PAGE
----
Saturday, February 16, 2013

A detour in time — the Regency Assembly

I tried to pay a visit to the Revolutionary War, but an ice storm landed me in 1813.

A group of Revolutionary-era re-enactors planned an encampment at the High Point Museum. However, ice and bitter cold descended on the Piedmont. Schools and churches started cancelling events left and right.  Fortunately for me, one of those cancellations left me free to shop the High Point Library book sale in the morning and follow deserted, but clear roads to the museum that afternoon.

I found a few diehard re-enactors huddled in the Hoggatt house, sitting by the fire in their 18th-century woolens. With the cold seeping in and sparse audience attendance, several had slipped home to enjoy modern central heating.

Inside the museum building I found another group, the Regency Assembly of North Carolina. Since my writing is set in 17th-century Ireland to colonial America, I hadn't paid attention to this event on the museum schedule. Happenstance turned unplanned changes into a delightful day.

Regency Assembly members say, 'Costumes admired, but not required.'
According to their website, the Regency Assembly enjoys and re-enacts "the period some call the Regency Period (1811-1820), some call the Federal Period (1789-1820) and others, the Napoleonic Era (1793-1814)." 

Whatever the name, the events of this era mostly overlap "Jane Austen's life (1775-1817)."

Members especially like to dance. When I peered into the meeting room, about eight people were dancing one of the English country dances I had seen in Pride and Prejudice

They welcomed me, inviting me to stay for tea. Mind you, some were dressed in elegant costume, while I was wearing North Carolina "snow gear" — sweatshirt, jeans and hiking boots. So I slunk in and sat at a table while they finished another dance.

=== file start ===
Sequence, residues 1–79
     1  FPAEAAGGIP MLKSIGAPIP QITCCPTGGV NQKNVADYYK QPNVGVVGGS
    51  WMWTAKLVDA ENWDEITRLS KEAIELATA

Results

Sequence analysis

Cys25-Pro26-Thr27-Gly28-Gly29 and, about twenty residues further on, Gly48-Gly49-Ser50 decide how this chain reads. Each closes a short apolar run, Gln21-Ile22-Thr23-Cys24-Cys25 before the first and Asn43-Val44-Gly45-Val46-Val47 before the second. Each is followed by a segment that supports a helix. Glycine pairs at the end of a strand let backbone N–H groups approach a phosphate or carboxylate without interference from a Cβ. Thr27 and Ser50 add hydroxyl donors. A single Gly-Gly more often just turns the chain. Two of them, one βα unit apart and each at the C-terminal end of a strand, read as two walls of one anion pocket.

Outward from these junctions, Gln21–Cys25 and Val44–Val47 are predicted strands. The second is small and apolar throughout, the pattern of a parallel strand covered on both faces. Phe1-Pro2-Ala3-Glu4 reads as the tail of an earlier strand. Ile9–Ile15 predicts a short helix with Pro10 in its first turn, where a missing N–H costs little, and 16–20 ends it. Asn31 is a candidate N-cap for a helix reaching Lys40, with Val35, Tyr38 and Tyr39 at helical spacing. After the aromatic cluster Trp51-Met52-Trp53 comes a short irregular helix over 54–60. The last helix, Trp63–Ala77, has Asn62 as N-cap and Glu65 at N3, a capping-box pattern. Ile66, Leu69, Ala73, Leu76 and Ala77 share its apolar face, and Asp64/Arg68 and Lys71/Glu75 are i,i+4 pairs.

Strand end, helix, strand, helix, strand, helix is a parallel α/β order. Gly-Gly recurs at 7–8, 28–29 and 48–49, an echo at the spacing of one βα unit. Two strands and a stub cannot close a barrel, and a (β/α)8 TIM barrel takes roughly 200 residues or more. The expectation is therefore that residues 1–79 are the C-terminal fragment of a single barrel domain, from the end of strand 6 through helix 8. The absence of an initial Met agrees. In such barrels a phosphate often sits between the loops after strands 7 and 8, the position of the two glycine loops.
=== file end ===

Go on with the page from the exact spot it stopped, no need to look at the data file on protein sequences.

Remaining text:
As they stopped to catch their breath and enjoy tea and biscuits (shortbread! what had I done to deserve a warm drink and yummy sweets?), two men gave reports from the war and suddenly we were in the current day, but in 1813.

Jim Tate, dressed in the green coat of a British sharpshooter (not a Hessian as I'd first assumed), represented a member of the 95th Rifles Division. Rifles had longer range than muskets, but required more time to reload. The sharpshooters had more training than the infantry and carried their own fine powder in their powder horns, along with a cartridge box.

English passport, front
English passport, back
Jim told us about his Dutch ancestor, Jan Noldus de Vin Pronk, who travelled extensively and ended up in New York. He showed us original passports for de Vin Pronk, an English one signed in 1806 and what appears to be a Dutch one, under Napoleon's name, signed in 1807.

Jim Greathouse represented a sailing master, "currently" captain of the gunboat, Alligator. He explained that his costume is rather plain for someone of his rank.

Our hosts, Ruth and Franz Verbunt, presented each of us with our own "passports" — one from the United States of Ameria signed for President Madison by Secretary of State James Monroe, and one from the French Empire.

They invited everyone to come back next month. And then the dancing began again!
Ruth Verbunt and Jim Greathouse


Amy said...

Talk about time travel! I love that you just stumbled upon this gathering. It may not fit your writing now, but who knows? Maybe it will spark something later.

Barbara Morrison said...

English country dancing has become popular across the U.S. and Canada. I love it! I've been doing for 37 years. Friendly people, beautiful music, and easy exercise. Check out to find a group near you.

Elizabeth Saunders said...

Serendipity is great writing fuel, Amy. And the sequels to my sequel will work forward in time... :-)

Elizabeth Saunders said...

You must love dancing to have done it for 37 years, Barbara! Thanks for the info.